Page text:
And that’s just a start. Barack Obama’s hand-picked CEO of the automaker will start layoffs this week as GM heads into bankruptcy. The potential bankruptcy could result in a lot more layoffs, unless autoworkers agree to take nearly-worthless stock in exchange for the pension and health-care benefits that have all but crippled GM:
About 1,600 workers at General Motors Corp. will lose their jobs in the next few days as the troubled automaker accelerates cost cuts in order to qualify for more government aid. …
GM must cut costs and win concessions from bondholders and its unions in order to get more government aid. The government’s auto task force has said the company must persuade the holders of $28 billion in GM bonds to take stock in exchange for part of the debt.
Unions in the U.S. and Canada must agree to concessions, too. For GM to qualify for more help, the United Auto Workers must agree to take stock for part of the roughly $20 billion that GM must pay into a union-run trust that will take over retiree health care costs starting next year.
If it doesn’t restructure enough by the deadline, Detroit-based GM could be forced into Chapter 11 bankruptcy protection with the government providing financing. The government advocates a short “surgical” bankruptcy to cancel debt, change union contracts and separate underperforming units from the company.
Layoffs are inevitable, so this comes as no large surprise, except perhaps for the politics of its timing. GM faces pressure to restructure in order to safeguard the $14 billion it received late last year at the insistence of Congress and Henry Paulson. They need to get themselves into good enough shape to qualify for more government subsidies, but one main justification for that support is saving American manufacturing jobs. Conducting layoffs while asking for more money from the Democrats on Capitol Hill and the White House won’t make them any more popular with the unions.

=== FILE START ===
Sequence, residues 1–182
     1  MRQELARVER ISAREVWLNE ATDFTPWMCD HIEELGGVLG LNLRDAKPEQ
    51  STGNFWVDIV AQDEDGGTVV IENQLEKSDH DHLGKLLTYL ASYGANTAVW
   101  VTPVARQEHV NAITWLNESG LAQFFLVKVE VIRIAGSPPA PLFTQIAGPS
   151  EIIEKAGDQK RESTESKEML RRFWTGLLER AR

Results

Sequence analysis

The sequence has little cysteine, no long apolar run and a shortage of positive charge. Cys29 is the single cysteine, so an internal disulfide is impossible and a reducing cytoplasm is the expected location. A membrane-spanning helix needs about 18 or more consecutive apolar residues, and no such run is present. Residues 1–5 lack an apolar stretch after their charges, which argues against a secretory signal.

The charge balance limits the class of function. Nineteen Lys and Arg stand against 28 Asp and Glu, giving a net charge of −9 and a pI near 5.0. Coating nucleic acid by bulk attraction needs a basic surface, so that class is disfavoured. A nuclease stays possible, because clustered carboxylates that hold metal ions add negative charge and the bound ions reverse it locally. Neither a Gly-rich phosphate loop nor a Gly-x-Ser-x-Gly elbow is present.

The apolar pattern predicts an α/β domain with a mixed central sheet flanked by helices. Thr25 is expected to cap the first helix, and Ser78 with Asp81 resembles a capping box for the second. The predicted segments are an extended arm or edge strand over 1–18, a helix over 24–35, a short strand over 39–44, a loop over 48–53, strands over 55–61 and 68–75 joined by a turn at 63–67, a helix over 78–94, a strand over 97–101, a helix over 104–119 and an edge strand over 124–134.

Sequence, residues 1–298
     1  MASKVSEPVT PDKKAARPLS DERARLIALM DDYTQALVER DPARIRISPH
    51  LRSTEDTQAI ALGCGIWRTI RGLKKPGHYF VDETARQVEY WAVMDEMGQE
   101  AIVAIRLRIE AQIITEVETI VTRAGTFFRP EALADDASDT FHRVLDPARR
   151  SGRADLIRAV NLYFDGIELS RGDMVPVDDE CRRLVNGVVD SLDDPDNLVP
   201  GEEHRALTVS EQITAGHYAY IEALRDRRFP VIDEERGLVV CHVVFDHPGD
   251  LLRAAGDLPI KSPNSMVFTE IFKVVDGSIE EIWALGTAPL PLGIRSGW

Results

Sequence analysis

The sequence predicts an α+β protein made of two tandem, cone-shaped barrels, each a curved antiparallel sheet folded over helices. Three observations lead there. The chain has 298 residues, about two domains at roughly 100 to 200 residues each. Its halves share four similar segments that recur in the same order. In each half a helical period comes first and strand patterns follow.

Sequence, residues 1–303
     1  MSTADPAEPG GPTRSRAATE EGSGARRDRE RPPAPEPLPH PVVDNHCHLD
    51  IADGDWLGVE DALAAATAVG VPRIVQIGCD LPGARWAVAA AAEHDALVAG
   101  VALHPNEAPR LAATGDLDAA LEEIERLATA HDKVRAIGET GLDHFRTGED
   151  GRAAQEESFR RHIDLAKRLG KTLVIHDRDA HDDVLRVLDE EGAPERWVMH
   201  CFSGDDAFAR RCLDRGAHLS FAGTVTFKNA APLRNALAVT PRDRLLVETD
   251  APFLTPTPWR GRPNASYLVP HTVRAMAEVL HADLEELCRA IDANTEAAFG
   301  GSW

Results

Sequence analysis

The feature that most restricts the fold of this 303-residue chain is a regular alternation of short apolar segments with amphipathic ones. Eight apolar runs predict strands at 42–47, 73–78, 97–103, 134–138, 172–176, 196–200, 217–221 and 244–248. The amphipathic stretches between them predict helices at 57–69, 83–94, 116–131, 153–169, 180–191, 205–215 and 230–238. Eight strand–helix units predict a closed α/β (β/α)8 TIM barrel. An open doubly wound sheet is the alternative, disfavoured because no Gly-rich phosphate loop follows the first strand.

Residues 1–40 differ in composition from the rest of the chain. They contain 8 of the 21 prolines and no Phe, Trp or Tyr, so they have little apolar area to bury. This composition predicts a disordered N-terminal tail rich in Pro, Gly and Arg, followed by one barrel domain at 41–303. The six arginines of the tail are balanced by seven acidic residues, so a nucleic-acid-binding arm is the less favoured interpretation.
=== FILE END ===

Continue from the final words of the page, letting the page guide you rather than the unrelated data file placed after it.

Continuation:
Neither will the deal that Obama wants the UAW to swallow. The pension and health-care fund needs cash, probably now more than ever, not stock from a company riding the edge of bankruptcy already. Obama is demanding that the union accept the equivalent of junk bonds instead of cash, which will force the union to cover much more of the costs for their trust funds — especially if GM stock remains moribund at its current level. Without taking the deal, though, GM will go under, and the bankruptcy will allow them to break the union contracts and renegotiate compensation from scratch, which will destroy the UAW’s credibility and prompt a backlash against Obama.
Shedding these obligations will certainly help GM become more competitive. They produce good-quality vehicles but at a cost disadvantage with its competitors over compensation. That’s why GM could sell as many cars as Toyota did in 2007 and suffer a billion-dollar loss while the Japanese automaker could turn a profit. The labor force needs trimming, especially since GM needs to narrow their product lines to quit competing against itself in the market, but the actual per-hour salary and the number of jobs matter much less than the pension obligations that have been killing GM.
Solving that problem will create a lot of pain for both GM and its workers. Can the two sides agree to share the pain?